Written by students of FC1750.06
at Founders College, York University
with May Yuen, Kevin Perkins, et al.
Christianity plays an important role in the lives of the protagonist's parents. The church, which provides a meeting place and inspiration for the revolutionaries, is a sanctuary for Hyon's mother. She depends on god to help her through life's trials and, after her husband died in a demonstration as a martyr, she waits for the day when she can be with him in heaven. It must be difficult for a widow to raise a child without any emotional support except when she experiences her husband's presence at church. She is at once a traditional East Asian woman who endures hardships with grace and, despite her submissiveness, and admirable character of fortitude.
Hyon's grandfather, by contrast, is a staunch believer in geomancy. Throughout the story, Old Man Ko struggles in vain to improve his family's fortune by burying and re-burying his predecessors at different sites. Only when he sacrifices himself for Hyon's life, does he experience "a feeling of liberation from predestination." His transformation from a stubborn, old man to a compassionate grandfather instills a sense of hope in the reader.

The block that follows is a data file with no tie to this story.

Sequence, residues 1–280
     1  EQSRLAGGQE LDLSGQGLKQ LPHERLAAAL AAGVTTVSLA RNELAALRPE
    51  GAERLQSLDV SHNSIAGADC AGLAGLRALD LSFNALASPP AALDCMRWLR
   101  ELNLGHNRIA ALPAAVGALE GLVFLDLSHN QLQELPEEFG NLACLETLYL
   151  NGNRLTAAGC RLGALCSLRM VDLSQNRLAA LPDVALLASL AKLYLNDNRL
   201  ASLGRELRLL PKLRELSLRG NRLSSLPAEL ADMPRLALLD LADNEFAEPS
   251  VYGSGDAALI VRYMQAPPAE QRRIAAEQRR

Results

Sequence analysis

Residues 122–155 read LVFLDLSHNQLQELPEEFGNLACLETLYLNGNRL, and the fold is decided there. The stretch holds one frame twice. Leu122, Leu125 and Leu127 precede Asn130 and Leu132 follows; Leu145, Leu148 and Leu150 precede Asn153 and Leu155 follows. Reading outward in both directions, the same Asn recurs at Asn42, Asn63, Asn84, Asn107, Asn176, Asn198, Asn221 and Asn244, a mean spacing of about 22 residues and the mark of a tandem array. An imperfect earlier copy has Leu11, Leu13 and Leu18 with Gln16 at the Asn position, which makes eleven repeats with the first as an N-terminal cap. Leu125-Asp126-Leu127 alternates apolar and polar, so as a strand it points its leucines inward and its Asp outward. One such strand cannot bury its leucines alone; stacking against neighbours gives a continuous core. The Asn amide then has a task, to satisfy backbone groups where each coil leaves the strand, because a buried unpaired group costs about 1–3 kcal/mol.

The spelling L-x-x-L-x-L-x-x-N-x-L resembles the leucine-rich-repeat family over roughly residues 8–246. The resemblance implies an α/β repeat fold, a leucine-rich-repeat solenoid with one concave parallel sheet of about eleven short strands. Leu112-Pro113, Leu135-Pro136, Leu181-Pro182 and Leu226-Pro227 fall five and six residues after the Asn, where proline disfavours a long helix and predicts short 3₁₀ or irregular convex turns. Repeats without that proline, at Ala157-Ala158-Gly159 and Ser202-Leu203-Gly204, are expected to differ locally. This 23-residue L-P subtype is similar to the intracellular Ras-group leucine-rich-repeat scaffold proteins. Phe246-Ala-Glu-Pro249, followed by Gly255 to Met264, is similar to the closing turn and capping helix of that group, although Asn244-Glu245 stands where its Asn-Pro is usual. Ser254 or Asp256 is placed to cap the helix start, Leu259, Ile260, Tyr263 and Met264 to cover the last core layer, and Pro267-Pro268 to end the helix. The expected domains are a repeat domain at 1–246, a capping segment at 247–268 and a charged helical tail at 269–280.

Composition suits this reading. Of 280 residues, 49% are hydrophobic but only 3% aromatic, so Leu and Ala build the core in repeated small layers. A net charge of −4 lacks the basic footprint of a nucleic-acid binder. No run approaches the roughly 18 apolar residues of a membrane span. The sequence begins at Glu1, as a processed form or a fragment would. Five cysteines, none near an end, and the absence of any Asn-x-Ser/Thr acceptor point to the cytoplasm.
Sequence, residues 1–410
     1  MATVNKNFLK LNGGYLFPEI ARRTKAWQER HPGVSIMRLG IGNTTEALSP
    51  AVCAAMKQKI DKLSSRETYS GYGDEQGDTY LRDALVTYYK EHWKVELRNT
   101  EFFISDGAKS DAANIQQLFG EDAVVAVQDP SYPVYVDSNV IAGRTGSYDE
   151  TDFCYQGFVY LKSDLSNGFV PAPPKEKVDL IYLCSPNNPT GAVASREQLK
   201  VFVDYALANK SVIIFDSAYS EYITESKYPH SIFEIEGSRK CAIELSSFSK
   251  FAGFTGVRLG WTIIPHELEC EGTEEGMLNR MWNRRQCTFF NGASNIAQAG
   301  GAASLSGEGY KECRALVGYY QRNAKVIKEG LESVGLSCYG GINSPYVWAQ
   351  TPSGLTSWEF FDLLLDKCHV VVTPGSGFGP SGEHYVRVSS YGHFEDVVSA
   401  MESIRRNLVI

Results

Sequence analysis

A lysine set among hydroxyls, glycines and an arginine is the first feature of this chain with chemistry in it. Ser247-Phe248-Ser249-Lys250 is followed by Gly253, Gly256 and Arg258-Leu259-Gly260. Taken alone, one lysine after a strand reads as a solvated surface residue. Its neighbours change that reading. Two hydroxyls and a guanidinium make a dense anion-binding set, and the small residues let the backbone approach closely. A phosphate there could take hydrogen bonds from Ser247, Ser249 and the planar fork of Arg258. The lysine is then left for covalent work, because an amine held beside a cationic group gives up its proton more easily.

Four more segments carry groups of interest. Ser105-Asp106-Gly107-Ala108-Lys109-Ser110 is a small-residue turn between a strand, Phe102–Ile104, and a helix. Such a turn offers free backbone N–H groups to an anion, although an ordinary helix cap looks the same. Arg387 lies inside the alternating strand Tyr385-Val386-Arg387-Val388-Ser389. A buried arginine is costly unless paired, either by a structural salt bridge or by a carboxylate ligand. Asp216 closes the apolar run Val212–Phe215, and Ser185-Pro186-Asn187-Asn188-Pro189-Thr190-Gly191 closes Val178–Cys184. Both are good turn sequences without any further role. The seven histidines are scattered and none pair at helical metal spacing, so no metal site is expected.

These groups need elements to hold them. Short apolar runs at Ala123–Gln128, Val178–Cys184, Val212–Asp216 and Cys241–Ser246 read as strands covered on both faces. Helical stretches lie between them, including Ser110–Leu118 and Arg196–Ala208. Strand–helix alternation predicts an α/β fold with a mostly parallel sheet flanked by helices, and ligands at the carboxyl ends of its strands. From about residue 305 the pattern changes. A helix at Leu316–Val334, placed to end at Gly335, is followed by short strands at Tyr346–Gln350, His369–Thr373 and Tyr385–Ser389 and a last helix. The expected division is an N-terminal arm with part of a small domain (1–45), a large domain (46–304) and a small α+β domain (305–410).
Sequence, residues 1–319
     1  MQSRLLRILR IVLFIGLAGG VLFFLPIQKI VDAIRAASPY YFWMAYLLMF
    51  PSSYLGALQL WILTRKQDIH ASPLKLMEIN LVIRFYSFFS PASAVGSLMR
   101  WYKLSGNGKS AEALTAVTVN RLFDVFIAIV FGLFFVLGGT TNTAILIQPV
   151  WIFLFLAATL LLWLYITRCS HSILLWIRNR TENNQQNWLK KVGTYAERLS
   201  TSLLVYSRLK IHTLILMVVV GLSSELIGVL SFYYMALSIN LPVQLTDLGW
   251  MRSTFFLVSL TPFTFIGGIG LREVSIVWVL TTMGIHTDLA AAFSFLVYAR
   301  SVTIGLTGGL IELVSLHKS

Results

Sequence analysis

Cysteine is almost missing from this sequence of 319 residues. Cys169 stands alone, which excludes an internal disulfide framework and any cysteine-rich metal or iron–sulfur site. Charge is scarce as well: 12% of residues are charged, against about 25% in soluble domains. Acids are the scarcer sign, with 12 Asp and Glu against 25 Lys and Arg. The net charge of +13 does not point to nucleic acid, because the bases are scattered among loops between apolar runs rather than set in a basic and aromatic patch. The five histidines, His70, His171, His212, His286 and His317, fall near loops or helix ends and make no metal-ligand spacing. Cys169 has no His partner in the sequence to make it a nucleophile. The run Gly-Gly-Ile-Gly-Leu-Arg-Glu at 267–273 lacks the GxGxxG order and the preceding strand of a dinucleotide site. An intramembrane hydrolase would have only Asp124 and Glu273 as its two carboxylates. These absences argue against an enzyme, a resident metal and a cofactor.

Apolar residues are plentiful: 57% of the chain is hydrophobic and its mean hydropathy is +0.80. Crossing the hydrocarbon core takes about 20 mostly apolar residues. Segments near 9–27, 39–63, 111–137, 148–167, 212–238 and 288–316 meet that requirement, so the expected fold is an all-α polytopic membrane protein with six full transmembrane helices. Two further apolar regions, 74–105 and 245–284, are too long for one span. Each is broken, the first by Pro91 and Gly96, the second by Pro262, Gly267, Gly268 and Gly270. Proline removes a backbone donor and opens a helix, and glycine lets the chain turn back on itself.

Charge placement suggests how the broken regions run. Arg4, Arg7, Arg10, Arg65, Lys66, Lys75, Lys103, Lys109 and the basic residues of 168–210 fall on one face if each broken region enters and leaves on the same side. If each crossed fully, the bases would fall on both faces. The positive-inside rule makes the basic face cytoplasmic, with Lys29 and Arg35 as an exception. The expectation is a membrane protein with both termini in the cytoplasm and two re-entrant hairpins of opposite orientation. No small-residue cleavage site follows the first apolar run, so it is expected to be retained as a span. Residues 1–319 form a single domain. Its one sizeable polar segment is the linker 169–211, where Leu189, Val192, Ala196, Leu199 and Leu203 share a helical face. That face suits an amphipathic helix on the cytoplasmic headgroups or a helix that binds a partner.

As for Hyon himself, he wavers between action and passivity. The plot revolves around his indecision and his retreat from confrontations, but it culminates in his resistance against foreign encroachment in the Korean War. Hyon challenges the "noisy arguments" of those who have humiliated his country, reducing it to a serfdom. It is this awakening that both author Sonu Hwi and translator Peter Lee celebrate.
"History, for all its ambiguity and betrayal, demands action, an impassioned involvement in the shaping of the destiny of a nation and a people," Lee says. Neither a fate-accepting Taoist or world-renouncing, submissive woman can take up such a challenge. A hero seems to be a humanity-serving Confucian who has blended Christianity and Shamanism into his philosophy. "We must banish the insane contractors and await a new world, belonging to the meek," Hyon says in a state of euphoria at the end of the story. His vision reminds the reader of the Biblical verse, "Blessed are the meek, for they shall inherit the earth."
Sonu, Hwi. "Flowers of Fire." In Flowers of Fire: Twentieth-Century Korean Stories.
Copyright © 1996 by the authors. Information from this article should be attributed to the authors.